Espino worked for the doctor more than a decade and he completely trusted her with his financial duties, prosecutors say. However, they also say between May 20, 2007 and Aug. 31, 2009, Espino began writing checks to herself, taking a total more Jenny Espino than $79,000 through 50 checks. The doctor reportedly did not learn of the taking until he was unable to pay his bills and risked closing his business and losing his home. Smith does not deny his client took some money “inappropriately” but said it falls short of the amount alleged which will be a point at sentencing. Her employer was aware of and signed some of the checks even though he now disputes the authorization, Smith said. Smith also said Espino was pressured by a con man to take the money. He finagled his way into her family affairs, leading her to believe he would help her get a new kidney for her sister, and ultimately began threatening violence if she did not take the money, Smith said. However, a duress defense only works if it is an immediate threat and his client’s failure to escape the situation means he could not use that argument before a jury, Smith said. The District Attorney’s Office charged her with embezzlement and excessive taking rather than for each individual check because the amounts involved and possible sentencing boiled down to essentially the same, Guidotti said. Espino is free from custody on a $10,000 bail bond. She returns to court April 10 for sentencing. Whether she receives the full 16 months or a lesser term is likely dependent on her attitude and how much of the money she can pay back, Guidotti said. Smith said he does not know if Espino will be able to make any of the restitution. She has no prior criminal history in San Mateo County.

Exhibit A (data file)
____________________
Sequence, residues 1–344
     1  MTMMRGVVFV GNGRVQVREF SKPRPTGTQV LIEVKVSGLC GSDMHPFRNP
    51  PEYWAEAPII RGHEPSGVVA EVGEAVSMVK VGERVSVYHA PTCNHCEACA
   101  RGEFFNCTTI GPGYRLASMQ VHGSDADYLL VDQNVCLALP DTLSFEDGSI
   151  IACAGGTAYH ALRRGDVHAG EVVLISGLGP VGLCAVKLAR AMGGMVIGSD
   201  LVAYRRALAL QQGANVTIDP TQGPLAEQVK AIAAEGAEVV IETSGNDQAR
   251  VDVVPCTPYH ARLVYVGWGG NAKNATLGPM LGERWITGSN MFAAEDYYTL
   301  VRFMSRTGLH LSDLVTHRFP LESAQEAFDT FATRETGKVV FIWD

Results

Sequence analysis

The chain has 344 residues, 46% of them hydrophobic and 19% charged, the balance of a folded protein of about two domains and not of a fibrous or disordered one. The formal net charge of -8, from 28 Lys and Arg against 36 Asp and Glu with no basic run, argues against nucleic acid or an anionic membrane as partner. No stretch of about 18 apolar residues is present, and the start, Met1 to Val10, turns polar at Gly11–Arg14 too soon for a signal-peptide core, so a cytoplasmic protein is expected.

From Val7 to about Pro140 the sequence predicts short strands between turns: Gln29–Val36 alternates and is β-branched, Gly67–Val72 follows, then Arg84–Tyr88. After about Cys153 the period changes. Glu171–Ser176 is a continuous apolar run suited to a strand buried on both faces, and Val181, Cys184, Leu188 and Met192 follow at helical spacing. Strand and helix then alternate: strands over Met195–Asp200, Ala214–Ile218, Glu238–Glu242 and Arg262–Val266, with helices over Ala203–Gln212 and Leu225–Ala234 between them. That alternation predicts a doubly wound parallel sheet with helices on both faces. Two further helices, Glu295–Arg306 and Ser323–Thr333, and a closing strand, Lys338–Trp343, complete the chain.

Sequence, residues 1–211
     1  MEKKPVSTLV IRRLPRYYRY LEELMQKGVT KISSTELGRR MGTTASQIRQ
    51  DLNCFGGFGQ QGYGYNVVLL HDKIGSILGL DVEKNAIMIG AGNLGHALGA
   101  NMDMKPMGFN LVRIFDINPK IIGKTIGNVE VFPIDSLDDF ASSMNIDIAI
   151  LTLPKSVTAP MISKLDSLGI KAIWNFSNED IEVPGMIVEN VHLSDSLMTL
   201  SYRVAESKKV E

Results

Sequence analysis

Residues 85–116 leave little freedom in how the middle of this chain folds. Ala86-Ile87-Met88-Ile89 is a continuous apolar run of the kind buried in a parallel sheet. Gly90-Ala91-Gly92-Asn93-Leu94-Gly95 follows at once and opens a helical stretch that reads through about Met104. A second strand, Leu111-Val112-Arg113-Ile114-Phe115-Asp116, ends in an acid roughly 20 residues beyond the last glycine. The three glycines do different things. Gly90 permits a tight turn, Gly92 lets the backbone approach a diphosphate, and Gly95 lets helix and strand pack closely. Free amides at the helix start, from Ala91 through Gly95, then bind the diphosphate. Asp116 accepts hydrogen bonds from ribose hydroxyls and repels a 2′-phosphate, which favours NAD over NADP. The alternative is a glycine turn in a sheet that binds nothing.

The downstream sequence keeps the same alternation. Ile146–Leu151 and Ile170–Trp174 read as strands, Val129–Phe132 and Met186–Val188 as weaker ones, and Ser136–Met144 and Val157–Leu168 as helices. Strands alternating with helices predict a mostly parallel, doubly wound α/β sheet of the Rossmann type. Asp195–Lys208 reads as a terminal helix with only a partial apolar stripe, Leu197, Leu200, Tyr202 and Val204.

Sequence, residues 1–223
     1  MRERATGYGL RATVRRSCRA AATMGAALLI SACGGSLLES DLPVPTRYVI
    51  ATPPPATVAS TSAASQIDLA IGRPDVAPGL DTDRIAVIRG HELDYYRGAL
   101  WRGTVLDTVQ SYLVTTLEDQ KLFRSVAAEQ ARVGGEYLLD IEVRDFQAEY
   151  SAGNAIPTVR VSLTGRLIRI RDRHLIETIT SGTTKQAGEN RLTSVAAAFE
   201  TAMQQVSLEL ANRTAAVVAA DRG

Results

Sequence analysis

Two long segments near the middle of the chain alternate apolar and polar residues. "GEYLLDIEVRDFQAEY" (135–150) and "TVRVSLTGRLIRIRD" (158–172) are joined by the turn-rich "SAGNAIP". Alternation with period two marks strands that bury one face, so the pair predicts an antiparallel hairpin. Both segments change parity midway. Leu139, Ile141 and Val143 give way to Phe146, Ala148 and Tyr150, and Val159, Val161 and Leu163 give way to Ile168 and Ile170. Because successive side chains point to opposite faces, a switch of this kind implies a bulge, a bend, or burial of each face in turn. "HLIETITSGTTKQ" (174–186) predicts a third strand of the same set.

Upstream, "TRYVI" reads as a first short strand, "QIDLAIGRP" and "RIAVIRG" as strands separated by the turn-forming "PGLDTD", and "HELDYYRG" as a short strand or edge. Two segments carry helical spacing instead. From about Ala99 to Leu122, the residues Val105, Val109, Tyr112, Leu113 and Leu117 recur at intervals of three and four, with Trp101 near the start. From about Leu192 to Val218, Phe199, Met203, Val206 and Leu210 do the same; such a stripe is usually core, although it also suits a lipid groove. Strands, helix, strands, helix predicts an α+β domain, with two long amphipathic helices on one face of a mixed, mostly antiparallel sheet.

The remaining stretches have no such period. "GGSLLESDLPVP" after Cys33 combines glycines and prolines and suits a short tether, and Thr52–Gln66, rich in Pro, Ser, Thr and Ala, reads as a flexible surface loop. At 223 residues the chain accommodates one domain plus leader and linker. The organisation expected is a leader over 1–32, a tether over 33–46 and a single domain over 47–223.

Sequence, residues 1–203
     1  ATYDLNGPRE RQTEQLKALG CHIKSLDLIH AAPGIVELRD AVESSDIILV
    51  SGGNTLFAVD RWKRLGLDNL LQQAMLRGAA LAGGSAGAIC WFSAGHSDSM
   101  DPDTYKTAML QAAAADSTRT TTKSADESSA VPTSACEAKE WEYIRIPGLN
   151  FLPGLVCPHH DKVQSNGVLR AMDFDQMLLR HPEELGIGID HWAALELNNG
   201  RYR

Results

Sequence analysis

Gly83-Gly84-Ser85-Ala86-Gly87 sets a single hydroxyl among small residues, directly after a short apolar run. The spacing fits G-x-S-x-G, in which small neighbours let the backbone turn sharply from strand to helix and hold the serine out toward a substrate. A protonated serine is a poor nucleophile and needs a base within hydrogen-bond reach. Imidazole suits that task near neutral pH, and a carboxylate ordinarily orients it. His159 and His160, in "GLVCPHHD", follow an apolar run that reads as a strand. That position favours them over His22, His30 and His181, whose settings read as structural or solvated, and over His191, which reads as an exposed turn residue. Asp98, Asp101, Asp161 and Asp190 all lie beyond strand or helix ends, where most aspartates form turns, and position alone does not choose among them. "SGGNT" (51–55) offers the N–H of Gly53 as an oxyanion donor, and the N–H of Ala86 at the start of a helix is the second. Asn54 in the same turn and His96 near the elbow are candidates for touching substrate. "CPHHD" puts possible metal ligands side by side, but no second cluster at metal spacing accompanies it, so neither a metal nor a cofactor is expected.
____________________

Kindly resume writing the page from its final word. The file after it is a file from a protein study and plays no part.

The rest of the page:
Wednesday • Feb. 22, 2012

5

Woman admits embezzling from doctor
By Michelle Durand
DAILY JOURNAL STAFF

Local Briefs
Police nab suspect in residential burglary
A suspect connected to a Sunday burglary on the 1600 block of Sixth Avenue has been arrested, according to Belmont police. The victim reported that a man had broken into his apartment and removed miscellaneous jewelry and electronics, according to police. During the investigation, information was obtained indicating the possible suspect was Nicholas Dillon, a 27-year-old Foster City resident. At about 1:35 a.m., as part of the investigation, Belmont police contacted the Foster City Police Department and learned that at that moment, Dillon was being detained for investigation of driving under the influence, according to police. Belmont investigators responded to the scene of the traffic stop in Foster City and recovered items that had been stolen in the burglary from Dillon’s vehicle, according to police. Dillon was subsequently cited by Foster City police for DUI and booked into the San Mateo County Jail by Belmont police on a charge of possession of stolen property.

The former office manager for an elderly Burlingame doctor spent two of her 10 years of service embezzling more than $79,000, putting him at risk of losing his business and home, according to prosecutors who planned to try her this week. But instead of facing a jury, Jenny Jacqueline Espino, 40, is facing up to 16 months in prison after pleading no contest yesterday to felony embezzlement. Defense attorney Chuck Smith said the resolution is actually a year jail term under the new realignment rules. Espino settled her case on what was the sixth setting of her trial since first being arraigned in June 2010. In return for her plea, prosecutors dropped another charge of identity theft. The resolution is a “pretty good settlement,” said Chief Deputy District Attorney Karen Guidotti.